Newton-John continued to record and perform pop-oriented music as well. In 1998, she returned to Nashville to record Back with a Heart (No. 59 Pop).[39] The album returned her to the top 10 (No. 9) on the Country Albums chart. Its first single was a re-recording of "I Honestly Love You" produced by David Foster and featuring Kenneth "Babyface" Edmonds on background vocals[39] that charted on the Pop (No. 67) and AC (No. 18) charts. Country radio dismissed the song, though it did peak at No. 16 on the Country Sales chart. The album track, "Love Is a Gift", won Newton-John a 1999 Daytime Emmy Award for Outstanding Original Song after being featured on the daytime serial, As the World Turns.

Newton-John and Stephan Elliott in January 2012 at the premiere of A Few Best Men in Sydney

During October–December 1998, Newton-John, John Farnham and Anthony Warlow performed in The Main Event Tour.[84] The album Highlights from The Main Event peaked at No. 1 in December,[85] was certified 4× platinum,[86] won an ARIA Award for Highest Selling Australian CD at the 1999 Awards[87] and was also nominated for Best Adult Contemporary Album.

For the 2000 Summer Olympics, Newton-John and Farnham re-teamed to perform "Dare to Dream" during the Parade of Nations at the Opening Ceremony.[88] Broadcast of the ceremony was viewed by an estimated 3.5 billion people around the world.[89]

In December 1998, following a hiatus of about 16 years, Newton-John also resumed touring by herself and in 2000 released a solo CD, One Woman's Live Journey, her first live album since 1981's Love Performance, which was only available in Japan on vinyl pressings.

Newton-John's subsequent secular albums were released primarily in Australia. In 2002, Newton-John released (2), a duets album featuring mostly Australian artists (Tina Arena, Darren Hayes, Jimmy Little, Johnny O'Keefe, Billy Thorpe, Keith Urban) as well as a "duet" with the deceased Peter Allen. In addition, (2) offered a hidden 12th track, a samba version of "Physical", which Newton-John later performed occasionally in concert instead of the rockier original. For (2)'s 2004 Japanese release, the acoustic version of "Physical" was switched to "Let It Be Me", a duet with Cliff Richard, with whom she had previously been coupled on "Suddenly" and Songs from Heathcliff.

In 2002, Newton-John was also inducted into Australia's ARIA Hall of Fame.

Produced by Phil Ramone and recorded at the Indigo Recording Studios in Malibu for ONJ Productions, Indigo: Women of Song was released in October 2004 in Australia. The tribute album featured Newton-John covering songs by artists such as Joan Baez, the Carpenters, Doris Day, Nina Simone, Minnie Riperton and others. Newton-John dedicated the album to her mother, who had died the previous year.[90] Indigo was subsequently released in the UK in April 2005 and in Japan in March 2006. A re-branded and re-sequenced version called Portraits: A Tribute to Great Women of Song was eventually issued in the US in 2011.

Newton-John also released several Christmas albums. In 2000, she teamed with Vince Gill and the London Symphony Orchestra for 'Tis the Season sold exclusively through Hallmark. The following year, she released The Christmas Collection, which compiled seasonal music previously recorded for her Hallmark Christmas album, her appearance on Kenny Loggins' 1999 TNN Christmas special and her contributions to the Mother and Child and Spirit of Christmas multi-artist collections. (Green Hill Records re-released this album with different artwork in 2010.) In 2007, she re-teamed with her Grace and Gratitude producer, Amy Sky, for Christmas Wish (No. 187 Pop) which was sold exclusively by Target in its first year of release.[citation needed]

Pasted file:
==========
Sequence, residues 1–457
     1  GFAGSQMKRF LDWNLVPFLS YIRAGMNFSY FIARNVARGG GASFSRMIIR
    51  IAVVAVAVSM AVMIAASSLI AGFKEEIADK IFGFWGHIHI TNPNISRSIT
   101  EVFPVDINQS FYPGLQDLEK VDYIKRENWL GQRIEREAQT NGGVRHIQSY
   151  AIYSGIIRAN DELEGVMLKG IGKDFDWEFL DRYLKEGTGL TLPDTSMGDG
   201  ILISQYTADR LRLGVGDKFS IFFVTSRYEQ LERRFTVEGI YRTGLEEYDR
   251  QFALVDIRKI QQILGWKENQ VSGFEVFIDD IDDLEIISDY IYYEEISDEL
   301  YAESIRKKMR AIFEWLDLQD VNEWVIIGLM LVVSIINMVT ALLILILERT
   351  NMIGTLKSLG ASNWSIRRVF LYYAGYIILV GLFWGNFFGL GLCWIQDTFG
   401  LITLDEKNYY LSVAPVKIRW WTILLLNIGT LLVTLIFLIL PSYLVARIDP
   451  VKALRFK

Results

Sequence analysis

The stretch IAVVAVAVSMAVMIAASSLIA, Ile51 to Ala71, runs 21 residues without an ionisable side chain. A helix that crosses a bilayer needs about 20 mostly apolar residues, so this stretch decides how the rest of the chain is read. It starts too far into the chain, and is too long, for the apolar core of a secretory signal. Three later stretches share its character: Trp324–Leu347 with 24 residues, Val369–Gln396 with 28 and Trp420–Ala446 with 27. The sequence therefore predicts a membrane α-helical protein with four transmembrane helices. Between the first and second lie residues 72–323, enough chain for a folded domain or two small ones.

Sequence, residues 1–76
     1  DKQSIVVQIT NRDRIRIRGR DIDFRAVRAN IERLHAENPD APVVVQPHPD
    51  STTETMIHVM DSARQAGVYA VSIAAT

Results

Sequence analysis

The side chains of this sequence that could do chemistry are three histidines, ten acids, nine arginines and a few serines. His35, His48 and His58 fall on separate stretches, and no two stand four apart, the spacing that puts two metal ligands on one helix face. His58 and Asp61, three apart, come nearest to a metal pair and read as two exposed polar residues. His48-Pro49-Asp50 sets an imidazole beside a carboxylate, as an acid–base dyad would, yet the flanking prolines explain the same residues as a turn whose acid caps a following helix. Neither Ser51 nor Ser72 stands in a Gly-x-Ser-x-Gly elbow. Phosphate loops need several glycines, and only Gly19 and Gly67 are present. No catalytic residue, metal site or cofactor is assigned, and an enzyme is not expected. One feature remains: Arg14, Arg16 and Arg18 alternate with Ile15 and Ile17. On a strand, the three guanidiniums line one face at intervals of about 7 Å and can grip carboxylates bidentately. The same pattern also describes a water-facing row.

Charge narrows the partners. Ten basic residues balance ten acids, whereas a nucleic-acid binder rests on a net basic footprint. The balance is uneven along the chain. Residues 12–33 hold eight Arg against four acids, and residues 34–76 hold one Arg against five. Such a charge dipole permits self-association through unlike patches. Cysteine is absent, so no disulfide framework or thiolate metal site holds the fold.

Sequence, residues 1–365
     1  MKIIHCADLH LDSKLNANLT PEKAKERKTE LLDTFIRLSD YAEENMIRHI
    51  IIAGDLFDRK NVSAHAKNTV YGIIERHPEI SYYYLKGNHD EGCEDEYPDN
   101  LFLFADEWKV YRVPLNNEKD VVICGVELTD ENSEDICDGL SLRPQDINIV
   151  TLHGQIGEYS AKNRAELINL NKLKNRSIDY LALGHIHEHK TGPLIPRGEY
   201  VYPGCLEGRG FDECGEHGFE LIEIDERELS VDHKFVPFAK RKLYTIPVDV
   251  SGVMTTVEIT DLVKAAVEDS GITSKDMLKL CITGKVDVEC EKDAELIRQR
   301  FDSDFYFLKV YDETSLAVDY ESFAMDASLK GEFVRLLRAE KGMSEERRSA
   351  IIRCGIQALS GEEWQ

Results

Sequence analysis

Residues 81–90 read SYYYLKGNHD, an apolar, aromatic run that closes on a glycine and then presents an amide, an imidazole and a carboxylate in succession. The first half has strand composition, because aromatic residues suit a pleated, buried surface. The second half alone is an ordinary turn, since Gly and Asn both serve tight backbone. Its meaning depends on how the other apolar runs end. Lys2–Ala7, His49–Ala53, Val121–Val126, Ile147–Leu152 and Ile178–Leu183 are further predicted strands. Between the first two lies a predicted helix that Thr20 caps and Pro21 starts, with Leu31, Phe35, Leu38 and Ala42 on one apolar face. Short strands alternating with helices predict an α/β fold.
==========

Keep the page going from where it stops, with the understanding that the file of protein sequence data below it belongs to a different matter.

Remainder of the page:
Newton-John acted occasionally since Two of a Kind. She appeared in a supporting role in the 1996 AIDS drama, It's My Party. In 2000, she appeared in a dramatically different role as Bitsy Mae Harling, a lesbian ex-con country singer, in Del Shores' Sordid Lives.[91] Newton-John reprised her role for Sordid Lives: The Series which aired one season on the LOGO television network. The series featured five original songs written and composed by Newton-John specifically for the show.[92] In 2010, Newton-John starred in the film Score: A Hockey Musical, released in Canada.[93] Newton-John portrayed Hope Gordon, the mother of a home-schooled hockey prodigy. The film opened the 2010 Toronto International Film Festival.[94]

Newton-John's television work included starring in two Christmas films, A Mom for Christmas (1990)[95] and A Christmas Romance (1994) – both top 10 Nielsen hits. Her daughter, Chloe, starred as one of her children in both A Christmas Romance and in the 2001 Showtime film The Wilde Girls. Newton-John guest-starred as herself in the sitcoms Ned and Stacey, Murphy Brown, and Bette, and made two appearances as herself on Glee.[96]

For her first Glee appearance, Newton-John re-created her "Physical" video with series regular Jane Lynch. The performance was released as a digital single, returning Newton-John to the Billboard Hot 100 (No. 89) for the first time since her 1998 re-release of "I Honestly Love You". In Australia, Newton-John hosted the animal and nature series Wild Life and guest starred as Joanna on two episodes of the Australian series The Man From Snowy River.[citation needed]

Newton-John released another concert DVD, Olivia Newton-John and the Sydney Symphony: Live at the Sydney Opera House and a companion CD, her third live album titled Olivia's Live Hits. An ed version of the DVD premiered on PBS station, WLIW (Garden City, New York), in October 2007 and subsequently aired nationally during the network's fund-raising pledge drives.